Unless the Court misunderstands, and neither Weiss’ nor the government’s papers clarify the matter, Weiss appears to assert that the law requires the IRS to go back to the Bankruptcy Court, Southern District of New York, to collect the interest at issue, or alternatively, to forego it pursuant to its declared policy. Nothing in Spivak or Monday, however, hints that either Court of Appeals would remove or limit the government’s option to pursue its legitimate claim to taxes against any party liable therefor. Cases on point firmly reject a hierarchical system wherein the IRS must first pursue the corporation, usually in the Bankruptcy Court, to obtain taxes the corporation’s officers are separately obligated to pay under § 6672. Hutchinson v. United States, 559 F. Supp. 890, 893-94 (N.D.Ohio 1982) (cases cited and discussed therein); Cooper v. United States, 539 F. Supp. 117, 121 (E.D.Va. 1982), aff’d, 705 F.2d 442 (4th Cir. 1983); see Howard v. United States, 711 F.2d 729, 736 (5th Cir. 1983); Hornsby v. I.R.S., 588 F.2d 952, 954 (5th Cir. 1979) (per curiam); Datlof v. United States, 370 F.2d 655, 656 (3rd Cir. 1966), cert. denied, 387 U.S. 906, 87 S.Ct. 1688, 18 L.Ed.2d 624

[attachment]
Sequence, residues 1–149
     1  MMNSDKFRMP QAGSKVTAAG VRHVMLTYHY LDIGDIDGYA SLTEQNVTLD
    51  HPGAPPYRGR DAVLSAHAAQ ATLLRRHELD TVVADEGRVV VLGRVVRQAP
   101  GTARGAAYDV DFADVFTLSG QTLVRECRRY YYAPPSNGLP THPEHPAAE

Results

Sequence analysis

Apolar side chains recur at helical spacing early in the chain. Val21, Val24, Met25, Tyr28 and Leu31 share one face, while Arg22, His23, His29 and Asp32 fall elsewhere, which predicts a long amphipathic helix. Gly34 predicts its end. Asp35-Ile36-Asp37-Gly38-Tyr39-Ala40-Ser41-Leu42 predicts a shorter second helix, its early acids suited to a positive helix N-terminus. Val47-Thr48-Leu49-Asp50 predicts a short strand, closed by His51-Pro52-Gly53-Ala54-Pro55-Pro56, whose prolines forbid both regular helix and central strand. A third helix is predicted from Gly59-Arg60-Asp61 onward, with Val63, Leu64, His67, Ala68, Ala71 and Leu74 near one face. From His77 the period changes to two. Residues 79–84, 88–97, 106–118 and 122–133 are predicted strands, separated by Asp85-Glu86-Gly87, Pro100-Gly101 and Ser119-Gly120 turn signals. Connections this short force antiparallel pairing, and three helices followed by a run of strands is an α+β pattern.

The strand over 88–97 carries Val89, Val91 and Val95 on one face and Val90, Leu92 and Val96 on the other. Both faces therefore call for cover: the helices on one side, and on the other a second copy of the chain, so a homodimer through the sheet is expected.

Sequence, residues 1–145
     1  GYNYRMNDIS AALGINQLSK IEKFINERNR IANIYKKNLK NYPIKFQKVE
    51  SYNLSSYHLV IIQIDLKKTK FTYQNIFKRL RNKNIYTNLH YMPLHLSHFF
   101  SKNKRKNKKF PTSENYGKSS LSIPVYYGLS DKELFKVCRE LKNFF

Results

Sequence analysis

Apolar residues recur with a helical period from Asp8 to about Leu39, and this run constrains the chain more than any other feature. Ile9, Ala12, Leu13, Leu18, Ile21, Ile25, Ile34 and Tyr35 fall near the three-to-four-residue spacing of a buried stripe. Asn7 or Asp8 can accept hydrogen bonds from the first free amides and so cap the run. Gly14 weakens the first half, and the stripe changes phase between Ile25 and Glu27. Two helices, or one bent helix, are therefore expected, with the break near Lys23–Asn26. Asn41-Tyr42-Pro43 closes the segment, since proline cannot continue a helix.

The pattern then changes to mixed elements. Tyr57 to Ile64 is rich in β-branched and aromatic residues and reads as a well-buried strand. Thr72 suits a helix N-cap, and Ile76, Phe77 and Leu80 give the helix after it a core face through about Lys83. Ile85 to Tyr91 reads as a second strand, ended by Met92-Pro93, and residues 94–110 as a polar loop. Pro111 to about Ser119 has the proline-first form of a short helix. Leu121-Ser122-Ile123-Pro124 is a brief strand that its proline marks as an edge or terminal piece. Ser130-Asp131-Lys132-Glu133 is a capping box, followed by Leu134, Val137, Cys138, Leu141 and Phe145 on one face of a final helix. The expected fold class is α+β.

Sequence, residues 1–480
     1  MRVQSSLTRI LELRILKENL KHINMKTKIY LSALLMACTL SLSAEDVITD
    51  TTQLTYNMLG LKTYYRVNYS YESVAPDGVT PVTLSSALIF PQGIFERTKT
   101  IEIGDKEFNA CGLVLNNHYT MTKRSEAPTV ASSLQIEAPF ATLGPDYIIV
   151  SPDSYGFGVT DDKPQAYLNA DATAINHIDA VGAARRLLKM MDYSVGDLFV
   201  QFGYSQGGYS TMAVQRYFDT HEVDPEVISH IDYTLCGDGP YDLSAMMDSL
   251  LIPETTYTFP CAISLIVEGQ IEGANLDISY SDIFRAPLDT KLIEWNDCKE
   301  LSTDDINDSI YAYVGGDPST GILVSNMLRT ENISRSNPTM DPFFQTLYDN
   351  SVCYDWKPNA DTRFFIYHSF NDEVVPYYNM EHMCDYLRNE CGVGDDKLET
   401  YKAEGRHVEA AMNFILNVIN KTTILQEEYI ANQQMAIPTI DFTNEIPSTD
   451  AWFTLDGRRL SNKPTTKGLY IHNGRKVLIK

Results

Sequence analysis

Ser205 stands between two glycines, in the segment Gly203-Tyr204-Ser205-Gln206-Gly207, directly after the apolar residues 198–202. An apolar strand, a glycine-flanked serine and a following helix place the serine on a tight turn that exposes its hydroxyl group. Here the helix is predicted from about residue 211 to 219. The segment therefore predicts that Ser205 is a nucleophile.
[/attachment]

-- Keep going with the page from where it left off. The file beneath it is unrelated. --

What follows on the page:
(1967); Maguire v. United States, 80-1 U.S.T.C. ¶ 9300 (W.D.N Y 1980); Monday v. United States, 342 F. Supp. 1271, 1275 (E.D.Wis. 1972), aff’d, 478 F.2d 1404 (7th Cir.), cert. denied, 414 U.S. 910, 94 S.Ct. 233, 38 L.Ed.2d 148 (1973); cf. Pike v. United States, 723 F.2d 232 (2d Cir. 1983) (per curiam). This discretion of the IRS will not authorize a double recovery Hill, Christopher Phillips v. United States Postal Service, 535 F. Supp. 804, 810 (D.D.C. 1982). Rather, in this case, Weiss would have the Court transform his obligation to pay into an obligation upon the government to collect on no greater proof than that the government failed to collect what it must have known was within easy reach. However, to rise to the level of an estoppel or abuse of discretion, the government must mislead the corporate officer, see Spivak v. United States, supra, or otherwise take action which justified the corporate officer in not remitting the taxes. McCarty v. United States, 437 F.2d 961, 972, 194 Ct.Cl. 42 (1971).